There is quite a lot of fluff in the audio equipment arena, because audiophiles pay top dollar for silly things. When it comes to dampening and isolation there are a few schools of thought surrounding how to isolate your equipment from floor-borne vibrations and shocks and how to drain the electrical vibration inherent to the component itself. One school of thought believes in coupling the component to the floor through the hardest, densest material possible, such as granite. I think there are a number of inherent flaws to this. First and foremost, a coupled component allows vibrations to travel in both directions, allowing them to enter the component. This is often heard in resolving (I DON'T KNOW WHAT YOU MEAN BY RESOLVING SYSTEMS. COULD YOU POSSIBLY MEAN REVOLVING?) systems where there is a bit of a high frequency emphasis. The problems are further exacerbated by the fact that these materials usually exhibit a high frequency, natural resonance and thus cause 'ringing.' Pol!
ycrystal is probably the best material in this camp in terms of its dampening properties. However, nature provided the best dampening material of all, wood. How can a tall maple tree stay erect during a severe wind storm? It is because the tree absorbs a lot of the energy and dampens it. The school of thought that I adhere to -- one that I think is rationally based on facts rather than psuedo-science and that proves itself in real-world listening tests -- is based on wood being a natural absorber of vibrations. A physically massive shelf system that uses thick platforms of rigid wood provides both great isolation and immunity from the transfer of vibration through the system. It also allows the pent up electrical vibrations (and honestly there is quite a bit, which can easily be demonstrated but isn't safe to experiment with if you don't know what you are doing) to be drained from the component, which results in clearer stereo imaging. This is theory in practice. Of course !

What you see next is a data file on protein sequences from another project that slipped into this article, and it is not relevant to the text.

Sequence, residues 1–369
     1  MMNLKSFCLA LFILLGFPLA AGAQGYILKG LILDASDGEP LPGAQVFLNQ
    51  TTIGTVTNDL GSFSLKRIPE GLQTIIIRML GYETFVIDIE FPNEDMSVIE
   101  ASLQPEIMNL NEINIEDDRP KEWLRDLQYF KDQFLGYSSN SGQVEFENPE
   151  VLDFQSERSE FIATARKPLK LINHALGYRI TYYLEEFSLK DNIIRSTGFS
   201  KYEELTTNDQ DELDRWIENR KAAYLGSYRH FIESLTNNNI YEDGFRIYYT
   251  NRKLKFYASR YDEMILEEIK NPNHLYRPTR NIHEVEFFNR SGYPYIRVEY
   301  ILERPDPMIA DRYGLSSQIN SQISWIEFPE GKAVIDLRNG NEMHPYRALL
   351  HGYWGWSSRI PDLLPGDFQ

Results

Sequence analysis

to harness the dampening effect of the wood shelves, the electrically
borne vibrations in the component need to be channeled from the component into the wood. The science behind this is a little over my head, even though I have graduate school education in mathematical simulation of waves and energy dissipation. The conclusion is nevertheless simple; use brass cones (cone pointing into the wood) between the component and the platform and, voila, the best of both worlds.
Recently many of my audio club members had a chance to rehear my system after I had inserted the maple platforms into my system. Their comments about the improvements (not knowing what all I had done)were raves and praises.
Man can still not match nature in many ways.